Struggles for land and livelihood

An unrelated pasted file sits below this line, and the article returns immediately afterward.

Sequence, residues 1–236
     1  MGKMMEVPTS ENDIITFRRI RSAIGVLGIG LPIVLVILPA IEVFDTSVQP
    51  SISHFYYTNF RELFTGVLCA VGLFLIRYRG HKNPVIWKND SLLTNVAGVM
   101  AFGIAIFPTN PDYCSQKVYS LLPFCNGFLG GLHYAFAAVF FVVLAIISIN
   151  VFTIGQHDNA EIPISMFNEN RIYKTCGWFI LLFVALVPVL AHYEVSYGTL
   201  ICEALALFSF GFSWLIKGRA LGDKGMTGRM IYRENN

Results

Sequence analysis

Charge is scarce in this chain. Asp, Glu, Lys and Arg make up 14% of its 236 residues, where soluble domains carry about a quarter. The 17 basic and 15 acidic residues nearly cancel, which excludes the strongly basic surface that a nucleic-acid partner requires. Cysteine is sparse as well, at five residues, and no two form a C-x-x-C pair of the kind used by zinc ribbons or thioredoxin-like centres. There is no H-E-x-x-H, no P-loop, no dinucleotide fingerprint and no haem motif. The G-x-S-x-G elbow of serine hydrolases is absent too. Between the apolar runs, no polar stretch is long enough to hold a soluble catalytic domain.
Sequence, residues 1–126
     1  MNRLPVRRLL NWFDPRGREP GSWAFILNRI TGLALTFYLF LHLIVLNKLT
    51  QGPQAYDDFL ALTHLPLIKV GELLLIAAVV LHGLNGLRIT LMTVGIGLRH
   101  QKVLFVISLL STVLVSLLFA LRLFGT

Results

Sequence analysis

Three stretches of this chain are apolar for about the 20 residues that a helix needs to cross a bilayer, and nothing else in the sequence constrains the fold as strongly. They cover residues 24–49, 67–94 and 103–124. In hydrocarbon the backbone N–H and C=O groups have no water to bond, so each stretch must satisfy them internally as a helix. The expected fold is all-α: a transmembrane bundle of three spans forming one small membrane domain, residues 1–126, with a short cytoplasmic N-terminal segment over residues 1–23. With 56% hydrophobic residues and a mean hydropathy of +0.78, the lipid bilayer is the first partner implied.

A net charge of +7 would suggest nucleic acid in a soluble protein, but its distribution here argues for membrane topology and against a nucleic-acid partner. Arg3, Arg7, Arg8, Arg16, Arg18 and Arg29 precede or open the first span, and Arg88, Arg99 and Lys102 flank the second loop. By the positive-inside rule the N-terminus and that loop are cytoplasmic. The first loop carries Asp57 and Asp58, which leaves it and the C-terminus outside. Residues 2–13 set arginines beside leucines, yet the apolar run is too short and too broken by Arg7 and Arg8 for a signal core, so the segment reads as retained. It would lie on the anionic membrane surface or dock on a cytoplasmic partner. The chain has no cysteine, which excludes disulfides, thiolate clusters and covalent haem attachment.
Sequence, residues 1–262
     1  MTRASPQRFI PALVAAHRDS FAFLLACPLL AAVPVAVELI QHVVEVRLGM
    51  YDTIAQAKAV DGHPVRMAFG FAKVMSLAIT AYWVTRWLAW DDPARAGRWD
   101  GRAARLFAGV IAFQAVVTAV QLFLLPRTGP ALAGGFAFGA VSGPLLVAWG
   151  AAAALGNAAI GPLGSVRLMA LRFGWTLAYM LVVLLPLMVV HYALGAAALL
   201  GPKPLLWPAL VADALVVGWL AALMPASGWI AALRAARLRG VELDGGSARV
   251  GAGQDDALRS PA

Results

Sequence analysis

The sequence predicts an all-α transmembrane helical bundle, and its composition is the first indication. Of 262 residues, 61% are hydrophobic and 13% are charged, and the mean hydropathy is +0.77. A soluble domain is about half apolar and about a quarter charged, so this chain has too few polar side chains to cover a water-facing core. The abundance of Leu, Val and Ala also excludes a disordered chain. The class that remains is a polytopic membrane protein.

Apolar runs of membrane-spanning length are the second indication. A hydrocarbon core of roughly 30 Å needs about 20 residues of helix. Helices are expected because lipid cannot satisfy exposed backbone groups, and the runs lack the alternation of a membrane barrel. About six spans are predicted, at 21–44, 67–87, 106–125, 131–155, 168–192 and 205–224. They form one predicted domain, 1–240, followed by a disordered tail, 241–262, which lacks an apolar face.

Scholars, policy practitioners, and political activists alike have had difficulty grappling with the complex dynamics that have unfolded over the past decade and a half in Philippine banana plantations in the context of the 1988 agrarian reform law. While some focus their attention exclusively on land redistribution issues, others concentrate on the modalities of contract farming and still others emphasize trade union issues — all to the neglect of underlying agrarian dynamics. Relatively few have attempted a more integrated examination of developments in this sector of the Philippine economy. The still-limited availability of studies of land-reform-related experiences in agribusiness plantations outside the Philippines further constrains our understanding of the issues arising in Philippine plantations. This article tries to build on and deepen previous attempts at understanding the complex and confusing dynamics involving the banana elite, the state, and various segments of organized farmworkers and to fill in an important gap in the literature, using an integrated, rights-based, and process-oriented historical-institutional approach. It cites two reasons for an unexpectedly contingent land reform process in commercial banana farms in the Philippines: (1) the surprisingly unsettled character of the prevailing political-legal institutional environment within which land and livelihood struggles are playing out, and (2) the diverse perceptions among farmworkers of the meaning and purpose of, and opportunity for, land reform.
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